Some people do get help – women are more likely to have been treated for a mental health disorder than men. (29% compared to 17%, the Mental Health Foundation.)  But this is probably a result of the stigma attached to the masculine ideal – that it’s somehow a sign of weakness to get help for your problems.

Moreover, even if these people do seek help, they might not be able to get it, either because they can’t afford it or, worse still, because the service provider can’t. Despite all the changes mentioned earlier, only two percent of government funding is currently spent on mental health.

It’s time that changed.

Many other charities already exist to support people with their mental health.

People everywhere are waking up to mental health: despite the lack of definitive ‘cures’ for mental health disorders (there is no magic wand to wave, as it is still a progressive medical field) there are silver linings to these issues. And they come in the form of raising public awareness, of educating people.

In the UK, steps are being taken to break down stigma. #TimeToTalk, the latest campaign run by Time To Change (‘England’s biggest programme to challenge mental health stigma and discrimination’, ) is trying to get people to pledge to show their support for friends, families and colleagues. It’s really easy to do – just go to their website to pledge.

Bristol’s Off the RecordMindRethink Mental IllnessSamaritansChildline, the Mental Health Foundation and the SANE Mental Health are just a few examples.

Many other charities already exist to support people with their mental health. Bristol’s Off the Record, Mind, Rethink Mental Illness, Samaritans, Childline, the Mental Health Foundation and the SANE Mental Health are just a few examples. It’s brilliant that there’s already so much support out there.

But more needs to be done.

Unlimited support should be made available to people who suffer from mental health disorders. This includes counselling, peer support groups and helplines, GP appointments/NHS appointments as needed. Also, support systems should be put in place to help the friends and family of mental health sufferers. After all, it’s tough to watch someone you care about suffer, especially when you don’t know how to help them.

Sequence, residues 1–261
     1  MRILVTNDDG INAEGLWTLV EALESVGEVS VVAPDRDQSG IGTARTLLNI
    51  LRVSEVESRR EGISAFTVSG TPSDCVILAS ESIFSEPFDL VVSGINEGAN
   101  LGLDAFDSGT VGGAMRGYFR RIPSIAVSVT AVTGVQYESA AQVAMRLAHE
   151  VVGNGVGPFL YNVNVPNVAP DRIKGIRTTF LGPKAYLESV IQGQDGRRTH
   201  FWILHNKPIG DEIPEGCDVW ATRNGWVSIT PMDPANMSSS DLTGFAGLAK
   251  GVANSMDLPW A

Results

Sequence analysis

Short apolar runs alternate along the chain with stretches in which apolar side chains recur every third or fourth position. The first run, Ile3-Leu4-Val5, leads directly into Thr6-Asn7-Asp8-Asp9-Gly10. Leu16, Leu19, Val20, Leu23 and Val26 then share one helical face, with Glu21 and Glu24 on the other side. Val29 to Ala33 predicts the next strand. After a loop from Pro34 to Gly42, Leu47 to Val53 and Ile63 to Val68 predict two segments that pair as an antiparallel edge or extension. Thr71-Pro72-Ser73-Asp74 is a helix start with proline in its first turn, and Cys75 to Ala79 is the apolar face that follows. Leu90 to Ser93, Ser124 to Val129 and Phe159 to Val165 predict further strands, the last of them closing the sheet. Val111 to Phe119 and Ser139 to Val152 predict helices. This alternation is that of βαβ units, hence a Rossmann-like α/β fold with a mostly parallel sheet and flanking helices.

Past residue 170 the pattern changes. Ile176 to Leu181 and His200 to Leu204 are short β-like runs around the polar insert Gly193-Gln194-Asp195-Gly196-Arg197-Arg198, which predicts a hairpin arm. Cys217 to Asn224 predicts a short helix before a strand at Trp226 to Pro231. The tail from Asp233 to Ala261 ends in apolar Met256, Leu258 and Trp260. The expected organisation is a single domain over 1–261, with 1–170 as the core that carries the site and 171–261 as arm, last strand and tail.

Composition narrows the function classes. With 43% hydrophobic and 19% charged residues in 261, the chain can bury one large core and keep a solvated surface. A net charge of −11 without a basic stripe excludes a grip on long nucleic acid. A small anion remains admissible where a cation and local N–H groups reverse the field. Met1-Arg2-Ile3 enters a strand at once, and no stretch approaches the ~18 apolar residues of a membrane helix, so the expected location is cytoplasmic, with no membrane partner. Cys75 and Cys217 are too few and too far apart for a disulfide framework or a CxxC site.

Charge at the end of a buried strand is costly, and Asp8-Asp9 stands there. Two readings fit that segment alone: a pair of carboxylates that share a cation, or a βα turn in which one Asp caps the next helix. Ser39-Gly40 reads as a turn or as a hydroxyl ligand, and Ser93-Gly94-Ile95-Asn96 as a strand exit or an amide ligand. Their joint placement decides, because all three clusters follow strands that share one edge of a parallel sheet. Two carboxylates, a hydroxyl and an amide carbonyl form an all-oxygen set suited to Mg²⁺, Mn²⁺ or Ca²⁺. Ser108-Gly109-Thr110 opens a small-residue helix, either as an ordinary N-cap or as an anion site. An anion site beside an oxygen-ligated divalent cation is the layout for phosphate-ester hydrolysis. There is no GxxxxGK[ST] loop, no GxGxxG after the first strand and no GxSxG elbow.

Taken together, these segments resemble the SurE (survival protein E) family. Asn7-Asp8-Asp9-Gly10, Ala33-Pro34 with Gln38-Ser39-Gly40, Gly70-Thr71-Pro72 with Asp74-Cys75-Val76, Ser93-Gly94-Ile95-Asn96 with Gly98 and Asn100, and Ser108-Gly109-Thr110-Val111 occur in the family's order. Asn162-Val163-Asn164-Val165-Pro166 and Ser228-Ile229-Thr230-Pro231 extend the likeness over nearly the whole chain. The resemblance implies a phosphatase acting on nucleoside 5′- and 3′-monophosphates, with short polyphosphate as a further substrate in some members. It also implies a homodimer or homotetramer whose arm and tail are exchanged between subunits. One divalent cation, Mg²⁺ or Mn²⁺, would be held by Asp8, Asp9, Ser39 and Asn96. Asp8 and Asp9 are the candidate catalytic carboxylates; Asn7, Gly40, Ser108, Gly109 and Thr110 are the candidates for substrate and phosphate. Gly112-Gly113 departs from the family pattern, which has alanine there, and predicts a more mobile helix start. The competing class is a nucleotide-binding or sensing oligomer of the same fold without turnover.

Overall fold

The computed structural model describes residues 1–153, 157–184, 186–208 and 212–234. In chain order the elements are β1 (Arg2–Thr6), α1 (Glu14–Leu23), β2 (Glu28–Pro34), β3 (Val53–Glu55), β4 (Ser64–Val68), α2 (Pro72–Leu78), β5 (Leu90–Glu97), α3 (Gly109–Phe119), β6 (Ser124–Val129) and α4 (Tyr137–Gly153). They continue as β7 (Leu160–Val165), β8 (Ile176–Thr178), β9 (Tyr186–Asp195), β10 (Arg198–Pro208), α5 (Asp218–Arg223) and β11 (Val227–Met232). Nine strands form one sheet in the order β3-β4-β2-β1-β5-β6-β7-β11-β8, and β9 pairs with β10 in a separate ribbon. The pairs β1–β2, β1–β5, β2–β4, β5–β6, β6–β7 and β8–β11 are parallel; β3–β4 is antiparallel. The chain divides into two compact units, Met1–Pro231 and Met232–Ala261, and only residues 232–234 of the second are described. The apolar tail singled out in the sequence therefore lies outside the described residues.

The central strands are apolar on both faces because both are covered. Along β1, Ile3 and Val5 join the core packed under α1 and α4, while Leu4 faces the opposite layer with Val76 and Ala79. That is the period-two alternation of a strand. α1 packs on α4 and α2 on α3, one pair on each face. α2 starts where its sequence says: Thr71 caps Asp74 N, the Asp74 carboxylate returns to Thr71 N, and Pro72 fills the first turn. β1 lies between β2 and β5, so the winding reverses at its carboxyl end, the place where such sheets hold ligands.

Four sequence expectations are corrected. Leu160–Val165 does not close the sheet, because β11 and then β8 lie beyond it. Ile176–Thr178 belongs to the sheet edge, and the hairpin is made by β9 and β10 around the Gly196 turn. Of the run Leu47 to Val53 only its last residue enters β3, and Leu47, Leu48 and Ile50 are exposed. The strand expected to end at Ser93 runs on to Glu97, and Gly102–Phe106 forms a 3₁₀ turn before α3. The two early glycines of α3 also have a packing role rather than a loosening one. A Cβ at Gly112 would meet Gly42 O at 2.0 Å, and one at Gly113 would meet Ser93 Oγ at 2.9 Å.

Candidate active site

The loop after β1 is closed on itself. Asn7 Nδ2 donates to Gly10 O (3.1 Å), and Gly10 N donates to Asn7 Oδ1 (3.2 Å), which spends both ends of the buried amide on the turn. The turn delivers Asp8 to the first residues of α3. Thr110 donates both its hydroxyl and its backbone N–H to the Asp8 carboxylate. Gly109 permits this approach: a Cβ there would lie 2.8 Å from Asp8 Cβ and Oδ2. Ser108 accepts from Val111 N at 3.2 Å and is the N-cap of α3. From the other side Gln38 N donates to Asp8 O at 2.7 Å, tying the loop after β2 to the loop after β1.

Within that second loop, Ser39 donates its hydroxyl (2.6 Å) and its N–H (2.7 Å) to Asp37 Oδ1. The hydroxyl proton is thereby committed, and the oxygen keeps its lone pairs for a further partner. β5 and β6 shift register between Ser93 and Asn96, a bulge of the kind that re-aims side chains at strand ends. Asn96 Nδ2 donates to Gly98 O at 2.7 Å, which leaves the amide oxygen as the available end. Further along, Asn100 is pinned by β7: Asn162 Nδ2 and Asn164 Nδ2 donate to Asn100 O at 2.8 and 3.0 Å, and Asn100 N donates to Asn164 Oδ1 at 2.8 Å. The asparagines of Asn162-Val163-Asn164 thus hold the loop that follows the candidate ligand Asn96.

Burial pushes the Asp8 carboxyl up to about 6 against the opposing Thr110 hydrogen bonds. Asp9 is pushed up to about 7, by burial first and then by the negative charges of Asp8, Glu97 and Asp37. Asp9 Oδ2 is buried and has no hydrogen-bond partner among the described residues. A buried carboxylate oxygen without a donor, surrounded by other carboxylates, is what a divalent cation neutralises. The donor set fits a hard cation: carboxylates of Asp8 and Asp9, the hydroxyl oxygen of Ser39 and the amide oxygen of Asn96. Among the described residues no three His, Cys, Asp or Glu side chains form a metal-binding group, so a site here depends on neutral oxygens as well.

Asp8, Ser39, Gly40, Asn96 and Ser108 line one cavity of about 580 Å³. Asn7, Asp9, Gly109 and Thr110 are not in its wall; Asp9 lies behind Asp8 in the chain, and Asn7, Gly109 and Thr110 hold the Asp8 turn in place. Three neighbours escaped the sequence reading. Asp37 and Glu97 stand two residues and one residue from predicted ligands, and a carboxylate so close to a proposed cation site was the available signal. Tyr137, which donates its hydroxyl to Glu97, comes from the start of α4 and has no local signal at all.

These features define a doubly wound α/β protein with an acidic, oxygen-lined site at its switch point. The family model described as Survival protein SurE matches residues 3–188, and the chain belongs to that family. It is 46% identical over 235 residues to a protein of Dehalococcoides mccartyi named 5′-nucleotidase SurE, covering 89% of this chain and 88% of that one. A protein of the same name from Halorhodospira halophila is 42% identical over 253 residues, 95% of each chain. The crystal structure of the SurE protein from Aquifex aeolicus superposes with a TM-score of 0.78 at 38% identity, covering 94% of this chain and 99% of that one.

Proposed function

It’s vital that society tackles mental health disorders, before it’s too late.

It’s vital that society tackles mental health disorders, before it’s too late. A good place to start would be establishing free, friendly and confidential support groups in schools and youth clubs. Staff and other students can encourage more open discussions about mental health in class. Lessons can be planned that encourage people to break through the negative stigma surrounding the subject.

The bottom line is, there’s plenty that can be done about mental health disorders. The government can make a start by donating more money to facilities and organisations that deal with sufferers and their loved ones. The issues can be addressed from an early age, so that future generations can know what to look out for and how to cope with regards to mental health disorders. This is a subject that I am personally interested in; as part of my work with the charity, Envision UK, I will be tackling this issue.

Mental health disorders are important subjects that require public action to help to overcome them, or at the very least make life for mental health sufferers and their loved ones that little bit better.

Mental health disorders are important subjects that require public action to help to overcome them, or at the very least make life for mental health sufferers and their loved ones that little bit better.

If you suffer from a mental health issue yourself, you will have bad days, dark days, in which it feels like life will never be good again. But sometimes, you will have good days…I hope that, with more funding and awareness, you will have good days the majority of the time.

Remember to pledge

Here’s a reminder of some of the local and national organisations that can help: Off the RecordMindRethink Mental IllnessSamaritansChildline, the Mental Health Foundation and the SANE Mental Health

Let us know what you think: how can we break down discrimination around mental health @rifemag